andydude Wrote:So what is the difference between "normality" and "distinct eigenvalues"? I thought that distinct eigenvalues were sufficient for diagonizability...

Andrew Robbins

"normal": let M be a matrix (we're discussing real matrices for example). Then M is "normal", if M commutes with its transpose M*M' = M'*M

This equality is obviously true for symmetric M, but also for some others.

It is said, that for normal matrices, if

T*M*T^-1 = D , D diagonal,

then T is orthogonal, meaning T*T' = T*T^-1=I (I think T is always a rotation)

and also

T*M*T' = D

(from other context I'm used to denote rotation-matrices by letter T)

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not "normal", but still diagonalizable (the more general case):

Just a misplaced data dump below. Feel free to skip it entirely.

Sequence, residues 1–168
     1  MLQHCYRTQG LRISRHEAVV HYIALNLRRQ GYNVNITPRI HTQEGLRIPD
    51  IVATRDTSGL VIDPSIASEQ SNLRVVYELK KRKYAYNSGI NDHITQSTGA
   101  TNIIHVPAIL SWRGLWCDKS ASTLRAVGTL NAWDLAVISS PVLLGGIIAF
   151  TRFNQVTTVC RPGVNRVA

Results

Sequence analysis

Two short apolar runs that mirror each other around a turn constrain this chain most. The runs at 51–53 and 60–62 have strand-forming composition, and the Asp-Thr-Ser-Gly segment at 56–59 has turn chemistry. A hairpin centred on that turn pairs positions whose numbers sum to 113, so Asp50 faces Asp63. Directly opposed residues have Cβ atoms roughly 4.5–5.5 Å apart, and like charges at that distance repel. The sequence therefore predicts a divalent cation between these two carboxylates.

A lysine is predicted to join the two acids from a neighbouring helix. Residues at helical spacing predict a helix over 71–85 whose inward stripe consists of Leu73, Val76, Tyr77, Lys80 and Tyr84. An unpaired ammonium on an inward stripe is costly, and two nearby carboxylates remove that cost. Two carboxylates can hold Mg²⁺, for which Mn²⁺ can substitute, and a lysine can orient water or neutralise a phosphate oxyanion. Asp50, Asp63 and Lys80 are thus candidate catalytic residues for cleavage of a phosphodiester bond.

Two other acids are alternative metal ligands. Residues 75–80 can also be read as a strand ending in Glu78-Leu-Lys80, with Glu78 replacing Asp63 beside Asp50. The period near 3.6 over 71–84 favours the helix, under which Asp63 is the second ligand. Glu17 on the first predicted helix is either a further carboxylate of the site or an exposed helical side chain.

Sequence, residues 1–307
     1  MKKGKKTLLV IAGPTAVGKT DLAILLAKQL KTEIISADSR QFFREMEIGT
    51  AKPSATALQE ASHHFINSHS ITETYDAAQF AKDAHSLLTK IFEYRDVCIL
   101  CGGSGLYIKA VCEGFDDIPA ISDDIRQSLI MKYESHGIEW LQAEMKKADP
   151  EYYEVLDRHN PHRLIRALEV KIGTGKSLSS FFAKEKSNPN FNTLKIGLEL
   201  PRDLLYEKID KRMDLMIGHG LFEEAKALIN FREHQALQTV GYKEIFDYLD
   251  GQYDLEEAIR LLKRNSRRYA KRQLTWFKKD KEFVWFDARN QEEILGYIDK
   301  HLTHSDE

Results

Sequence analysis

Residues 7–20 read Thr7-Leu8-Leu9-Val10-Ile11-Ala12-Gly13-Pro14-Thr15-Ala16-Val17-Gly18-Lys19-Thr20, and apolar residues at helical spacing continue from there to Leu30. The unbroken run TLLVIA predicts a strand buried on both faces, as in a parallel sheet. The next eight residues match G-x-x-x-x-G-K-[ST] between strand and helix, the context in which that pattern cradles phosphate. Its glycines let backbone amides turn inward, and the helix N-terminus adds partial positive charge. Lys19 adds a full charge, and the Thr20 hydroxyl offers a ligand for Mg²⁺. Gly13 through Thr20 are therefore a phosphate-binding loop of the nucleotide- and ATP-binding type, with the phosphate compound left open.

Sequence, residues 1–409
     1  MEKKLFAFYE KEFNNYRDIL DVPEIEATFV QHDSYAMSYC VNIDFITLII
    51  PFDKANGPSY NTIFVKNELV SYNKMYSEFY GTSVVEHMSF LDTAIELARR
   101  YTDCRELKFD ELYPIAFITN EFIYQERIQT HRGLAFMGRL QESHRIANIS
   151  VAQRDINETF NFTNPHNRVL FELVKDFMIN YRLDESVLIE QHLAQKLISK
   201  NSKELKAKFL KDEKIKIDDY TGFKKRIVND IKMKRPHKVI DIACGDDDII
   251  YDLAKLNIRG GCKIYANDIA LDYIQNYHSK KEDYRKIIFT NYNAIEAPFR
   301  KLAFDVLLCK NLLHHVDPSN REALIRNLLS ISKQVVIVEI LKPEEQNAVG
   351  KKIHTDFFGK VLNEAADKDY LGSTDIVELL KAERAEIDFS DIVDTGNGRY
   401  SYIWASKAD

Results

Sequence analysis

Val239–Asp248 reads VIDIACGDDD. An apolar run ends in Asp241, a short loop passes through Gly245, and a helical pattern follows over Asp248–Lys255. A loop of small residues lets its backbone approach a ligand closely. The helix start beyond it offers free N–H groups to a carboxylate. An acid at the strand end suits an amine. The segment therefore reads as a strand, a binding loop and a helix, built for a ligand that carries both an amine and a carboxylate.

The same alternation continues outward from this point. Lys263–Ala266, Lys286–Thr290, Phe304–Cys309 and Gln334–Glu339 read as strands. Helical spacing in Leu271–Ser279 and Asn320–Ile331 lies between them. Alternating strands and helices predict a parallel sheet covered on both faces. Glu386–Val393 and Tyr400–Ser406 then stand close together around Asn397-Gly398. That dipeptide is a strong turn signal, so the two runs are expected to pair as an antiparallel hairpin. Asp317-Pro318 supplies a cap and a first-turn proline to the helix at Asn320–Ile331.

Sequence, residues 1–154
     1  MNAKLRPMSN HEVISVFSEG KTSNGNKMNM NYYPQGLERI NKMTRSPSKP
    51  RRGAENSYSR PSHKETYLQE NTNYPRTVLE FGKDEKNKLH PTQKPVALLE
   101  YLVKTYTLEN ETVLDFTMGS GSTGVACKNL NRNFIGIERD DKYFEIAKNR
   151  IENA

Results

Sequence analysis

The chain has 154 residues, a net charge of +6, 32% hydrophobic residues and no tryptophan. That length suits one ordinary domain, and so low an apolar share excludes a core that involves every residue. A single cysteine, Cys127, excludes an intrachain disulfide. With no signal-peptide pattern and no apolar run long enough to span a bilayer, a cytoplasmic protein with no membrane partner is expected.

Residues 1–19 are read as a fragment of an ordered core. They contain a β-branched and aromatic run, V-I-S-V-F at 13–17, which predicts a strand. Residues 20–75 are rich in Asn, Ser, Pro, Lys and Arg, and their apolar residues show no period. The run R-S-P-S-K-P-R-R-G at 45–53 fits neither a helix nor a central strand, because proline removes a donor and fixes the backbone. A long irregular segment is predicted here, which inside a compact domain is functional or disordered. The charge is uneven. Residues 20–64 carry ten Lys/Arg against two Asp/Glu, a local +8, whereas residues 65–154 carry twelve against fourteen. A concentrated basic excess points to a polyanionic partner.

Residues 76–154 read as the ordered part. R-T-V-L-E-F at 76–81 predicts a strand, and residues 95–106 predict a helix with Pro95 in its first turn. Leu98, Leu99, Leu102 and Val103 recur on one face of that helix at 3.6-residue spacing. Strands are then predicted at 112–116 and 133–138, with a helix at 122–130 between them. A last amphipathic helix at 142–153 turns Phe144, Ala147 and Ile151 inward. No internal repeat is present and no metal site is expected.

W*M*W^-1 = D

no specific properties on W.

Related to current discussion: if M is triangular (and diagonalizable), I think W is also triangular (but I must check this), and the eigenvalues are the entries of its diagonal.

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The question whether eigenvalues are distinct or not is not relevant here; this is only relevant for the description of further properties of W (whether it is unique ... )

Gottfried

Gottfried Helms, Kassel